Merenna is now left with the following chores as a result of Fabio’s multiple communications:

  • Canceling out the “missed call” alerts on each cell phone.
  • Listening to and deleting the hang-ups on her traditional phone answering machine/voice mails.
  • Reading and deleting the email.
  • Reading and closing the flashing instant messenger window.

The numerous communication devices at our disposal have created a generation of “I must know what you are doing and where you are at all times for absolutely no reason” users. Try to avoid falling into the endless abyss of meaningless communication and irritation by using gadget courtesy.  If you are unable to reach someone, just leave them a message.  If they never call you back it means one of these four things occurred (all of which you can handle given enough time and support):

  1. The person is very busy and hasn’t had a chance to address the message you have left for him or her.
  2. The person did not get your message due to environmental, hardware, or human malfunction.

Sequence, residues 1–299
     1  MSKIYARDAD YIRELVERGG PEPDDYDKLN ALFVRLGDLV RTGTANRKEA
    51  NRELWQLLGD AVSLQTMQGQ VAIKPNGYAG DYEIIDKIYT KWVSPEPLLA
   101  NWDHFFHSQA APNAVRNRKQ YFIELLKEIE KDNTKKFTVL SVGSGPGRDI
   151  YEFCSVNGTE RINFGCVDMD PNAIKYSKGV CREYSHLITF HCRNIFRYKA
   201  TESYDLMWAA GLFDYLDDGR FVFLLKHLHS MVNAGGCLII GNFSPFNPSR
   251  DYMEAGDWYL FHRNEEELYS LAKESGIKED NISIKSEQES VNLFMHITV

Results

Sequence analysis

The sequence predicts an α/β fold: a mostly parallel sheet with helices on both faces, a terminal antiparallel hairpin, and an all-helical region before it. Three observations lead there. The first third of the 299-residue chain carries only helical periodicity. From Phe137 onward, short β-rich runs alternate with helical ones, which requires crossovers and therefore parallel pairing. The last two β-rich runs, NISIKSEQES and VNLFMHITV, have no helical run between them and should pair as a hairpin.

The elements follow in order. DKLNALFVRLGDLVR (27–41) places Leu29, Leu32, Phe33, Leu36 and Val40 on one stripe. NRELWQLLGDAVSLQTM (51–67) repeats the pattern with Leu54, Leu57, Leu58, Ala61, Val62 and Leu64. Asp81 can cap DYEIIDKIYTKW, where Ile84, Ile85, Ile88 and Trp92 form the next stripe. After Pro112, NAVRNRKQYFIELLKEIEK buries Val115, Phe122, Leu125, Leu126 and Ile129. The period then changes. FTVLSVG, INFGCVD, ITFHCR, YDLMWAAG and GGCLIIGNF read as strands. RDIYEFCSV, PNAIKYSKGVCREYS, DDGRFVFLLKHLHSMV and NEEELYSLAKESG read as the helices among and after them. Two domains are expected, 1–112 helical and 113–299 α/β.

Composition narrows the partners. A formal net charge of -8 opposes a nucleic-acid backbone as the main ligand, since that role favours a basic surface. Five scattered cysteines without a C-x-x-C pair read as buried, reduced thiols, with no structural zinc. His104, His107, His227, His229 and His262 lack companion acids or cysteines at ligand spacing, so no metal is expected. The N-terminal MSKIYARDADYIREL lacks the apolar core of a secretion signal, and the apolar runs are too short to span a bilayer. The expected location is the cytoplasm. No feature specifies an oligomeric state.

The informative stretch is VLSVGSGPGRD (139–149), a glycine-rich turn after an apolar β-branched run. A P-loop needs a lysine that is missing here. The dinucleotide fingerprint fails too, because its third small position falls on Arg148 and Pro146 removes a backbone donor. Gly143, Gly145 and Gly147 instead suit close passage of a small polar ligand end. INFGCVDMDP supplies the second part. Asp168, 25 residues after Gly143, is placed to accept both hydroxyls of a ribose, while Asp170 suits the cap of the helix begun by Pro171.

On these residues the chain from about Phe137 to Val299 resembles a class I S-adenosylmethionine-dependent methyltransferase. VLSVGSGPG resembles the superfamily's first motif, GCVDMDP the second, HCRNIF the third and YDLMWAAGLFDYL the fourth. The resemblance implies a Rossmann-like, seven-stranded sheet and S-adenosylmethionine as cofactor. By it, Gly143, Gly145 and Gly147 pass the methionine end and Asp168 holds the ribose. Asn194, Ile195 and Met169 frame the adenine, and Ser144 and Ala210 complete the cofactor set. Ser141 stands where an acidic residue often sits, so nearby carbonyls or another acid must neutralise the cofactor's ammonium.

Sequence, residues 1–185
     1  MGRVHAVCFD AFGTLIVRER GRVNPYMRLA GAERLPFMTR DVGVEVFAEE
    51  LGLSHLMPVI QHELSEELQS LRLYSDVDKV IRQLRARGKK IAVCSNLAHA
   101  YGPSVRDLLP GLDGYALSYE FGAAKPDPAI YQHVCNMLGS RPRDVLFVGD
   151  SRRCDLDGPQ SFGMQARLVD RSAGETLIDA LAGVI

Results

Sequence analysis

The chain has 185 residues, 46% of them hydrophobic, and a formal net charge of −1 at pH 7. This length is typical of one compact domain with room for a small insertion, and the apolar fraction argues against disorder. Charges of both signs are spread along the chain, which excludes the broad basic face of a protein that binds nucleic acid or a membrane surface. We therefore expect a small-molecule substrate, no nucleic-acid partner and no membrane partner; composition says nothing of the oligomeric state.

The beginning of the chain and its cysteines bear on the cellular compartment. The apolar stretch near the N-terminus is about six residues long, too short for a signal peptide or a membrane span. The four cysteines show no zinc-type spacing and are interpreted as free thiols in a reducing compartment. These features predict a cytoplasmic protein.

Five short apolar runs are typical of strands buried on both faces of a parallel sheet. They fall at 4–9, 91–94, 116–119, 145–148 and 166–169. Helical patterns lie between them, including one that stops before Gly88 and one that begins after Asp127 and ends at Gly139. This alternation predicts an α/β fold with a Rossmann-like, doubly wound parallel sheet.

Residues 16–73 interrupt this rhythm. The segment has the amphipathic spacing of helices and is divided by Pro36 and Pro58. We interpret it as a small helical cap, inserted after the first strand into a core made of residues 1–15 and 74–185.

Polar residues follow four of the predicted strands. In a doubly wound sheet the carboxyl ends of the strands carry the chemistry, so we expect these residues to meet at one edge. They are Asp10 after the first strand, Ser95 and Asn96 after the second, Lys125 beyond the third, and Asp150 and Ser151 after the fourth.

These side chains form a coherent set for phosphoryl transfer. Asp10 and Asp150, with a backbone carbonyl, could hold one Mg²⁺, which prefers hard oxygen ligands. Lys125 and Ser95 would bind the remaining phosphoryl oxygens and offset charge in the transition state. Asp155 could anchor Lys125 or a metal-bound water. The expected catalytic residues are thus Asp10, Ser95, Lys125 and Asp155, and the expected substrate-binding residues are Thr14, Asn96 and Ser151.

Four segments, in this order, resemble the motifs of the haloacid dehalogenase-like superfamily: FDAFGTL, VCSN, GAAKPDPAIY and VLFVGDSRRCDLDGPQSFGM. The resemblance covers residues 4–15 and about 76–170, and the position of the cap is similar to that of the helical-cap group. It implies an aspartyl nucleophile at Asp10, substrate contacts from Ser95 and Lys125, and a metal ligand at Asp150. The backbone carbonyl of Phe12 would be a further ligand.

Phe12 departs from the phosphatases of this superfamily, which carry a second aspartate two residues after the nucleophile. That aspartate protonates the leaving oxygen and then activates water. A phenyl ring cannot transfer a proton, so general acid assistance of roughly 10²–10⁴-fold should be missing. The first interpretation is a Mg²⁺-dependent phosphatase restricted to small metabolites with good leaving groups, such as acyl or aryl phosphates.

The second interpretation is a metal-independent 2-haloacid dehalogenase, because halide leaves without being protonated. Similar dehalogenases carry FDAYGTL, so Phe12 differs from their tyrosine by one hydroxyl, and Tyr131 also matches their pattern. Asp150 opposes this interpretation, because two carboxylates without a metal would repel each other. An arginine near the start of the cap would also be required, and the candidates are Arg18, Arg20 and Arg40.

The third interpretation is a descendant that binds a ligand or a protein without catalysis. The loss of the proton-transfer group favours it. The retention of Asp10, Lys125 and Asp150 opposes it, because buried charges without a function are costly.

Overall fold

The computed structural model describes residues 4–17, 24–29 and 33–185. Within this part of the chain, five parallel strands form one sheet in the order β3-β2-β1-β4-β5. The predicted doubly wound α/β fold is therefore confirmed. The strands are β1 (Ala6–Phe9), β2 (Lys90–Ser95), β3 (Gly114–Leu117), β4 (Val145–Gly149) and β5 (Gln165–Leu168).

3. The person could care less about you and is not interested in communicating with you.
  4. The person has unfortunately passed away and therefore is unable to respond to your message.

Free Social Networking Web Sites

Use extreme caution when participating in free social networking web sites. Understand going in that you have no control over the security of the content you post, no control over the content others post about you, no voice in how long your content remains in storage after you think you’ve deleted it, and you will at some point interact with users who claim to be someone they are not for either illegal or just irritating purposes.